Oct 20, 2009
Below is an excerpt from a commentary originally posted at www.speculative-investor.com on 8th October 2009.
The "Paradox of Thrift"
The "circular flow of income" theory favoured by Keynes and his disciples holds that one man's spending is another's income, the implication being that if consumer spending is boosted then economy-wide income will be boosted and the overall economy will strengthen. It follows from this theory that an economy-wide increase in savings will lead to a weaker economy, since the only way to increase savings is to reduce current spending. This is what the Keynesians refer to as the "paradox of thrift". In their minds a paradox exists because while it can be shown that an increase in savings will often be a good thing at an individual level, it causes problems if practiced throughout the economy.
But how can this really be so? After all, the economy is just a collection of individuals, so what makes sense on an individual basis should also make sense on an economy-wide basis. Shouldn't it?
Yes, it should and it does. The paradox of thrift only arises if you begin with the wrong premise. The wrong premise, in this instance, is the "circular flow of income" theory.
The flaw in the theory becomes apparent once it is understood that people don't really spend money; rather, they spend what they produce. Money is just the medium of exchange. For example, a baker spends bread, a shoemaker spends shoes, and a dentist spends the dental services that he provides to his clients. In each case the produced goods or services will be converted to money, but this is only done to make exchange more efficient. If not for money, a dentist that wanted bread would have to locate a baker that wanted his teeth cleaned in order for exchange to take place.
Once it is understood that each person spends what he/she produces it becomes clear that an increase in production must precede an increase in consumer spending.
Another way to look at it is that consumer spending involves taking something out of the economy. If people throughout the economy began taking more stuff out than they put in, how could the economy possibly grow?
Accepting that a sustainable increase in consumer spending must be preceded by increased production, we need to address the question: What causes production to increase?
In simple terms, a per-capita increase in production comes about due to investment in the factors of production*, and investment stems from savings. In other words, rather than a circle that has no beginning or end, the economic growth process begins with savings and investment. An increase in savings and investment leads to greater per-capita production, and the increased production creates greater demand for consumer goods. To the extent that they are successful, government policies that attempt to reduce savings and boost consumer spending will therefore lead to a weaker economy.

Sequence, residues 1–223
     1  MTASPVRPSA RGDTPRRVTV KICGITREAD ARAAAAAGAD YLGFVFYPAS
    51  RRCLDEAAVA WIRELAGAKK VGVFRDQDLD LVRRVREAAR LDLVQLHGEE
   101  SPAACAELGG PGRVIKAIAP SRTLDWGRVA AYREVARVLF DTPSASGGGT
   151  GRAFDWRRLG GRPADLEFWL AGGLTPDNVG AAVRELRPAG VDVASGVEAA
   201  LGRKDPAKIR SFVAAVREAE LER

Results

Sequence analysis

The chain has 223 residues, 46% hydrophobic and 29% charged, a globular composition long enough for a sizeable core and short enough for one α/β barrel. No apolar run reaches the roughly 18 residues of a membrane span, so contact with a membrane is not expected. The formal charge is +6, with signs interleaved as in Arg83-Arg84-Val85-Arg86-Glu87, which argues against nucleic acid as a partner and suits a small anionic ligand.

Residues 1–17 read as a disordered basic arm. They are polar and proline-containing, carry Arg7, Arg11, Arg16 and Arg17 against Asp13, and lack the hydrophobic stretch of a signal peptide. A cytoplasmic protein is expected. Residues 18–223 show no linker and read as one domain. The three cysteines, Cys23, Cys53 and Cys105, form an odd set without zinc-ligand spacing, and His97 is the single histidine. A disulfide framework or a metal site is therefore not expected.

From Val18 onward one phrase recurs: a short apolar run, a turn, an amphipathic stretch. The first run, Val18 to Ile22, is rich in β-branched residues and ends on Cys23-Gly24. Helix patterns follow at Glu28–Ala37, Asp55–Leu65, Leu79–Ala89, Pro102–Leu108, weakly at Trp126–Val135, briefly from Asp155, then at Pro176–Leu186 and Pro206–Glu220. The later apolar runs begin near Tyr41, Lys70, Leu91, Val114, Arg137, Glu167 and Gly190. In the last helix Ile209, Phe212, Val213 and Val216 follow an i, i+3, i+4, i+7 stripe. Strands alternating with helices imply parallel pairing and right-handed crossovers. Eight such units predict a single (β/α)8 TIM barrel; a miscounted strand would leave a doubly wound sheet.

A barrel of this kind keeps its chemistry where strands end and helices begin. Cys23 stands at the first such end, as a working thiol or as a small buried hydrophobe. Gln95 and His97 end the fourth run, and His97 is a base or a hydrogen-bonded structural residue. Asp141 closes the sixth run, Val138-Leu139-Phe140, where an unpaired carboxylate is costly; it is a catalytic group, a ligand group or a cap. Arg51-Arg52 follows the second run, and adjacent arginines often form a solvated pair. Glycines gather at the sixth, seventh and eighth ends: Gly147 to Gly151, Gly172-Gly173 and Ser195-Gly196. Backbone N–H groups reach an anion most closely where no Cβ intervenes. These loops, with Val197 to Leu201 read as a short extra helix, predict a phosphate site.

The upshot is that there is no "paradox of thrift".
*Factors of production are the resources employed to produce goods and services, including tools, equipment, land, factories, offices, technology, and labour (skills and education).
The same misguided thinking that comes up with the "paradox of thrift" also spawns the idea that economic downturns can be caused by, or exacerbated by, the general over-production of goods. But if production finances consumption, how can the economy ever suffer from general over-production?
The answer is that it can't.
Rather than general over-production, what happens is that monetary inflation distorts relative prices and prompts excessive investment in some parts of the economy. The initial effect is a boom in the parts of the economy that receive the excessive investment, but after a while -- due, perhaps, to a reduction in the rate of monetary "stimulus" -- it becomes apparent that many of the boom-time investments do not mesh with the desires or financial capabilities of consumers. We therefore don't end up with general "over-production"; we end up with an imbalanced economy where production is not well matched with consumption.
There have been many great examples of the above over the past few years. Of particular note, the inflationary policies of banks and governments prompted excessive (to put it mildly) investment in residential and commercial real estate, resulting in economies that were structured to build, fit-out, finance and market a lot more properties than were required to fulfill sustainable consumer demand.
After the structure of an economy has been altered based on an illusion created by monetary inflation, it must undergo a painful adjustment to get itself back into line with reality.
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